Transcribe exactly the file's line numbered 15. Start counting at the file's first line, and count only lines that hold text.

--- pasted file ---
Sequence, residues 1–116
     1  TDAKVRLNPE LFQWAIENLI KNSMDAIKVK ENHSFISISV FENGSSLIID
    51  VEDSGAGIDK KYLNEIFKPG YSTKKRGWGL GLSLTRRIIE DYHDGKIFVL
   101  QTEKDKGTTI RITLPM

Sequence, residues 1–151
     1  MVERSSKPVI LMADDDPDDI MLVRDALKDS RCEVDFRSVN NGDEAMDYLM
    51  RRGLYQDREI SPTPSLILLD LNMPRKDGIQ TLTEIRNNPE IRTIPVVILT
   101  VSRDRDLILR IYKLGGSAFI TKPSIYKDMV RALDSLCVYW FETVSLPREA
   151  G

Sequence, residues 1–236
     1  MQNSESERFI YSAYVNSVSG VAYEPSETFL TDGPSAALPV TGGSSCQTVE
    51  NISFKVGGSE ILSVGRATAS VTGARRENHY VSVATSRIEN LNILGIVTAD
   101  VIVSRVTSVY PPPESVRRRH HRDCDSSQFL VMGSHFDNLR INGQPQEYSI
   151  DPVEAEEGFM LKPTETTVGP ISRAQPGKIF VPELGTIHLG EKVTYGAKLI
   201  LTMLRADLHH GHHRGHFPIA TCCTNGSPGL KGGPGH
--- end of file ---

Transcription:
   201  LTMLRADLHH GHHRGHFPIA TCCTNGSPGL KGGPGH